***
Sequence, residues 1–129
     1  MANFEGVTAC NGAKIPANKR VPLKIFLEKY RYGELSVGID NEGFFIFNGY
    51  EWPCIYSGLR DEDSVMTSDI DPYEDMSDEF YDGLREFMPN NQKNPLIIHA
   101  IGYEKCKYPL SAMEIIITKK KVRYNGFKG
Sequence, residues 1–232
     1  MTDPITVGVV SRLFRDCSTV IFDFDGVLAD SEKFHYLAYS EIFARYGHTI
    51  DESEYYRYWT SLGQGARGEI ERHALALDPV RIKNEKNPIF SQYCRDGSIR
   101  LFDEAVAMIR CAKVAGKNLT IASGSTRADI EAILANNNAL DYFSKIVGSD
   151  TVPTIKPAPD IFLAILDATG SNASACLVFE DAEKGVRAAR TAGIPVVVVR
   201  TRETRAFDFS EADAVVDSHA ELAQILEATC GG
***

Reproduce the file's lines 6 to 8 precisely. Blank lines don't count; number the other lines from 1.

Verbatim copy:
     1  MTDPITVGVV SRLFRDCSTV IFDFDGVLAD SEKFHYLAYS EIFARYGHTI
    51  DESEYYRYWT SLGQGARGEI ERHALALDPV RIKNEKNPIF SQYCRDGSIR
   101  LFDEAVAMIR CAKVAGKNLT IASGSTRADI EAILANNNAL DYFSKIVGSD